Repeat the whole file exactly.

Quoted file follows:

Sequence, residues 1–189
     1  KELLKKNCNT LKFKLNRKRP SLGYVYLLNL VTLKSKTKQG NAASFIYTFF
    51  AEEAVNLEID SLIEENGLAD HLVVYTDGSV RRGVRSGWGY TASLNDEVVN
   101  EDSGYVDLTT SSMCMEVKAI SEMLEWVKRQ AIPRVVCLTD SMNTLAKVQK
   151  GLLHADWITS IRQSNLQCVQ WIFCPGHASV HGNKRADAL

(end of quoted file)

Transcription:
Sequence, residues 1–189
     1  KELLKKNCNT LKFKLNRKRP SLGYVYLLNL VTLKSKTKQG NAASFIYTFF
    51  AEEAVNLEID SLIEENGLAD HLVVYTDGSV RRGVRSGWGY TASLNDEVVN
   101  EDSGYVDLTT SSMCMEVKAI SEMLEWVKRQ AIPRVVCLTD SMNTLAKVQK
   151  GLLHADWITS IRQSNLQCVQ WIFCPGHASV HGNKRADAL